The court in the instant case rejected Mr. Epstein's request as well and concluded:
I will follow the rulings made by Judge VanArtsdalen in Griffith [sic] and Judge Robreno in Oliver. I find that a reasonable rate for Epstein is $175 per hour. A reasonable rate for Rapp is $100 per hour. A reasonable rate for Abrams is $85 per hour.
Memorandum, typescript at 2.
Those rulings, however, are no longer valid. This Court recently vacated the district court's decision in Griffiths on the very issue of hourly rates. Griffiths v. Cigna Corp., Nos. 94-2090 & 94-2091 (3d Cir. Nov. 30, 1995) (unpublished). In rejecting the district court's determination, we explained:
As the prevailing party, Griffiths had the burden of demonstrating "the community billing rate charged by attorneys of equivalent skill and experience performing work of similar complexity." See PIRG, 842 F.2d at 1450. We find that he did sustain that burden as to Mr. Epstein's requested rate of $250 per hour, by submitting the affidavits of Harold Goodman, Alica Ballard, and Lorrie McKinley, attorneys in the Philadelphia area who represent plaintiffs in civil rights litigation. These affidavits stated that Mr. Epstein's requested hourly rate of $250 was reasonable and within the range of prevailing rates charged by Philadelphia attorneys with Mr. Epstein's skill and experience. The opposition submitted by CIGNA failed to rebut plaintiff's submissions on this point, both because CIGNA's affidavits focused on the market rates of defense attorneys, and because CIGNA did not otherwise effectively challenge the content of plaintiff's affidavits.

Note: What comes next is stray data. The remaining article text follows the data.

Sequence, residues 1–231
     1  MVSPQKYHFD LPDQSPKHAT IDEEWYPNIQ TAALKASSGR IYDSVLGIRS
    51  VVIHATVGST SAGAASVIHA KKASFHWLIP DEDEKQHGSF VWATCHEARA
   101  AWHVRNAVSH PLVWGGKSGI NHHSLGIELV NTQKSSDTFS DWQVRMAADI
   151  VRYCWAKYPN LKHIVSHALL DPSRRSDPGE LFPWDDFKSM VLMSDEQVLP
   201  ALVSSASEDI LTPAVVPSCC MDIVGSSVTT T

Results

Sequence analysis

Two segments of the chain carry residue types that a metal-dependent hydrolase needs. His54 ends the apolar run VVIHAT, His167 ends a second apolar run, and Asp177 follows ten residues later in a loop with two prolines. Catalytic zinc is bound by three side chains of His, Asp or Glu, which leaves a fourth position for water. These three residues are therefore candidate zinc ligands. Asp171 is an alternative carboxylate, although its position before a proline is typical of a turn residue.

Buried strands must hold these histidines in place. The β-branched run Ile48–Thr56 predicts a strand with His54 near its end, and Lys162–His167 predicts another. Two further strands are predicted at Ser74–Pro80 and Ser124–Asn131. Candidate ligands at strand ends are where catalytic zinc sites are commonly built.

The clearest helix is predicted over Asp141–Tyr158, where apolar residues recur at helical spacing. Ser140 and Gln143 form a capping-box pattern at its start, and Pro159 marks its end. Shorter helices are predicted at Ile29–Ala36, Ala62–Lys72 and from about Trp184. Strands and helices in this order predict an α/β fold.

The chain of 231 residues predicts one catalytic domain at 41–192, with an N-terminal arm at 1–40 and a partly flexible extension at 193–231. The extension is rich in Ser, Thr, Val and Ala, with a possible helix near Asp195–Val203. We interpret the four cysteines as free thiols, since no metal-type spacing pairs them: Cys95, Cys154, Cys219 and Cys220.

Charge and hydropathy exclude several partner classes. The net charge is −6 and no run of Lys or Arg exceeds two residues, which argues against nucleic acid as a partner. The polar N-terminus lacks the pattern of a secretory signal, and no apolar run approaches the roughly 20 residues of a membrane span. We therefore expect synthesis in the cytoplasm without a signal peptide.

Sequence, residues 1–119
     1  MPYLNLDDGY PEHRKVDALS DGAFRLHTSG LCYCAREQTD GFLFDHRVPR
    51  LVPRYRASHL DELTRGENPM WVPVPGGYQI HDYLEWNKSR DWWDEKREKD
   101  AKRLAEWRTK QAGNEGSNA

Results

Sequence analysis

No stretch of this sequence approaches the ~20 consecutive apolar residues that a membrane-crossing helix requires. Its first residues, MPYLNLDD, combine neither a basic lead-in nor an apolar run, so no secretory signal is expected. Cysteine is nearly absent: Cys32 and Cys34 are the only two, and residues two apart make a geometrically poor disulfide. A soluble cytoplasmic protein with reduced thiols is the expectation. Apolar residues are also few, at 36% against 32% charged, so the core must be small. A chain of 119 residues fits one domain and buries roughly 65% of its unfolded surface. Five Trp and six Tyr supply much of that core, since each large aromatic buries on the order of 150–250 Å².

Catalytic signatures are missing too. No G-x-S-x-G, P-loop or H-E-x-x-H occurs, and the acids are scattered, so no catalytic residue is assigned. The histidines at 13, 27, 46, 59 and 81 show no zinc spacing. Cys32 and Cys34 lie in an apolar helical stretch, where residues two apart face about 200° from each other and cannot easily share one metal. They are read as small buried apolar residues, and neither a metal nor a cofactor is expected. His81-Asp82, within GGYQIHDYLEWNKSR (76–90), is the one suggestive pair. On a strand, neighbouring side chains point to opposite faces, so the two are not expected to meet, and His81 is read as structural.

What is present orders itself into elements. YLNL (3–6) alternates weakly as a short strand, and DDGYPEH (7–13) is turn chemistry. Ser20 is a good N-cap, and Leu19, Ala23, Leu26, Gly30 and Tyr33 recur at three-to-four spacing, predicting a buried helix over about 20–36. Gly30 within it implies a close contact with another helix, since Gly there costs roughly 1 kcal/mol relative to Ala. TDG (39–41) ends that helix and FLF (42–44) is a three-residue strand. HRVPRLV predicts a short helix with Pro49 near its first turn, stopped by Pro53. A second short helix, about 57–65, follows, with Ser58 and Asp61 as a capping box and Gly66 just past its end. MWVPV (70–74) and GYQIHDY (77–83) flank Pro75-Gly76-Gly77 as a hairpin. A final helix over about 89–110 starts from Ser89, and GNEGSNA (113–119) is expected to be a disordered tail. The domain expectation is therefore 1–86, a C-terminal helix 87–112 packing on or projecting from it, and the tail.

Where, as here, the plaintiff has met his prima facie burden under the "community market rate" lodestar test, and the opposing party has not produced contradictory evidence, the district court may not exercise its discretion to adjust the requested rate downward. Accordingly, we will vacate the attorneys' fee award with respect to the hourly rate allowed for Mr. Epstein's services, and direct that his services be compensated at the $250 rate that plaintiff's uncontroverted proofs established.
By contrast, plaintiff did not meet his prima facie burden of proof with respect to the rates of plaintiff's other attorneys, Mr. Rapp and Ms. Adams. Specifically, Griffiths failed to demonstrate that the requested rates were the prevailing rates in the community. In the absence of such a showing, the district court must exercise its discretion in fixing a reasonable hourly rate. This court cannot say that $100 and $85 per hour are unreasonable, and accordingly the district court's award based on these rates will be affirmed. Id., typescript at 14-16.
Our reasoning in Griffiths applies with equal strength in the instant matter. (It is worth noting that the same attorneys filed affidavits in support of Mr. Epstein's claim, and the district court even noted that Ms. Ballard "apparently filed an identical affidavit before Judge VanArtsdalen in the Griffith [sic] case."). See also Black Grievance Committee, 802 F.2d at 652-53 (district court is not free to disregard attorney's affidavit when the other party "filed no affidavit and offered no testimony contesting the accuracy of [the attorney's] statement with respect to charges by comparable practitioners"); Cunningham v. City of McKeesport, 753 F.2d 262, 268 (3d Cir. 1985) (no material issue of fact when affidavit is uncontradicted), vacated on other grounds, 478 U.S. 1015 (1986).
Therefore, we vacate and remand to the district court to reconsider the appropriate hourly fee for Mr. Epstein's services in light of Griffiths, and we affirm the district court's ...